For centuries, people have attacked the Bible and attempted to discredit it. Historians and archeologists have determined that it is a collection of myths and legends. The Bible has been compared with other historical and religious documents, like Homer’s writings, Hindu’s Vedas, and Taoism’s Tao Te Ching. In their opinion, the content might be helpful in a spiritual/personal sense, but the historicity of the Bible is flawed and errant.
What does the evidence tell us? Well, what we see from archeological finds in the Middle East is the historical accuracy of the Bible. What archaeology has done in the past 100 years is verify the history contained in the Bible. In this blog, I would like to highlight some of the more famous historical finds. I hope this strengthens your faith and helps you place more trust in the book that defines our faith.
Few biblical archaeology discoveries have attracted as much attention as the Tel Dan Stela—the ninth-century BC inscription that furnished the first historical evidence outside the Bible of King David. This in-depth chapter describes the historical moment when an excavation assistant stumbled upon the stela bearing the inscription in a newly excavated wall.
Abraham’s Genealogy Found in Mari
Abraham’s story begins with him and his family living in the Mesopotamian city of Ur, where he begins his journey to Canaan. In the second half of Genesis 11, we have a detailed account of Abraham’s family tree mentioning dozens of names. During excavations at Mari, an ancient city on the Euphrates in present-day Syria, an impressive royal palace was discovered that yielded thousands of inscribed tablets that were once part of a proud royal archive.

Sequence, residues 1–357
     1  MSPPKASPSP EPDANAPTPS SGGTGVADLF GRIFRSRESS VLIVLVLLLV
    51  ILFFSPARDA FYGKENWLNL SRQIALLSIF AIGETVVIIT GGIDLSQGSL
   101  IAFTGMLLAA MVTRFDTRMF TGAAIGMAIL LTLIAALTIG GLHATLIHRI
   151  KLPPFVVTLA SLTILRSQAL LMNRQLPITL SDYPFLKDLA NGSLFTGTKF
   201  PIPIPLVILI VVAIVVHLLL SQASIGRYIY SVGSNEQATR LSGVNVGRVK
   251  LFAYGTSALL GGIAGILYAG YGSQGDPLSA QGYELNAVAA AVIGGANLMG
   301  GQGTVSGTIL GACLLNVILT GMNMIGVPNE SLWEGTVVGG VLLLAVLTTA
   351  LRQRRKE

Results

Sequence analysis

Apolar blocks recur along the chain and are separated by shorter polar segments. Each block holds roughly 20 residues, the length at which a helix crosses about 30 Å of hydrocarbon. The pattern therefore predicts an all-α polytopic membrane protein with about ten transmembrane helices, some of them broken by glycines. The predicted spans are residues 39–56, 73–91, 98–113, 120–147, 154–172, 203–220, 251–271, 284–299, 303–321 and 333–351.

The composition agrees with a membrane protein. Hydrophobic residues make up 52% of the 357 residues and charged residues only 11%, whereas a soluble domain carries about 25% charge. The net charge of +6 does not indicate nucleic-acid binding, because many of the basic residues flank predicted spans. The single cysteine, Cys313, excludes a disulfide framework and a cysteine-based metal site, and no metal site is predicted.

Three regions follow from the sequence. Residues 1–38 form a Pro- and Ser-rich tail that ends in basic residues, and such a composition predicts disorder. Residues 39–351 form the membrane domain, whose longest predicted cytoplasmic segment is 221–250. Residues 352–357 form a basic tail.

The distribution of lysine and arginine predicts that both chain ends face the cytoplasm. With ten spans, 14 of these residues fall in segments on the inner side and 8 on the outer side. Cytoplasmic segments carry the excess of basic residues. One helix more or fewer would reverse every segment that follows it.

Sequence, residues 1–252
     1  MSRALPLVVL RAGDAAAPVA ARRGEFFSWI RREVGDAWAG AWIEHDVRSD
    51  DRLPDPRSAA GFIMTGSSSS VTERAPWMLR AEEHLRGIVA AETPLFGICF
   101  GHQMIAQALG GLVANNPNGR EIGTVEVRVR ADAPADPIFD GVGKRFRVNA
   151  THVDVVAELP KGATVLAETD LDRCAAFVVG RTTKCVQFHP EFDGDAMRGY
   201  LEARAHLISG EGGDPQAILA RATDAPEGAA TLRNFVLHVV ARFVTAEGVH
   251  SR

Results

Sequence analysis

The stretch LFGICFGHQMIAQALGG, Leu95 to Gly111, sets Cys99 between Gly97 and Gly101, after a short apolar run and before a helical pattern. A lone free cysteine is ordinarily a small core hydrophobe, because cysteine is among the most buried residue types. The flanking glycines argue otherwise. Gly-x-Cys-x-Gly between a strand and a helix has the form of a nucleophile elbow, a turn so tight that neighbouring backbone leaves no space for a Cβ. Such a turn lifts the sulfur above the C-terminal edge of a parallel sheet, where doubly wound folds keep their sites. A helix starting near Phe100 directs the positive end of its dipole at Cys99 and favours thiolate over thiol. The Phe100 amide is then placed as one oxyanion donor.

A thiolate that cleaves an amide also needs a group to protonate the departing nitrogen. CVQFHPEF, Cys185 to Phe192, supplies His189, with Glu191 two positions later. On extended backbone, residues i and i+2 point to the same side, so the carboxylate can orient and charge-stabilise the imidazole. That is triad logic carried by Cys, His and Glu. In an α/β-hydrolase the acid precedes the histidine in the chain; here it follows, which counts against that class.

Modern estimations on Abraham’s chronology fall somewhere between 2000 and 1500 BC: The archive found at Mari was in use from around 2300 to 1760 BC, and the names on these tablets show that the names in Abraham’s genealogy were in use in this area during this time.
The Bible talked about the Assyrian kingdom. For a long time, the presence of Assyria was doubted. The Bible account states that in 701 BC, the Assyrian king Sennacherib invaded Judah. Many cities fell to the invading army, including the southern city of Lachish mentioned in 2 Kings 18:13-17. After a siege, the city was captured by the Assyrians, and several archaeological finds are consistent with this event.
At the site of Lachish, archaeologists have uncovered arrowheads, a siege ramp, a counter-ramp, the crest of a helmet, and a chain used by the defenders against the siege ram. At the site of the ancient Assyrian city of Nineveh (northern Iraq), a relief sculpture depicting the capture of Lachish was retrieved from the palace of Sennacherib and is currently displayed in the British Museum.
These examples are widely accepted. As OT sites are continually being discovered, NT places like the existence of Nazareth and Capernaum, people like Herod the Great, and obscure Bible characters like Erastus and Gallio further credit the biblical writings.
Have a little fun this week and do some searches of your own. Look around at the evidence that confirms over and over the historical reliability of the Bible. We read a truly amazing book!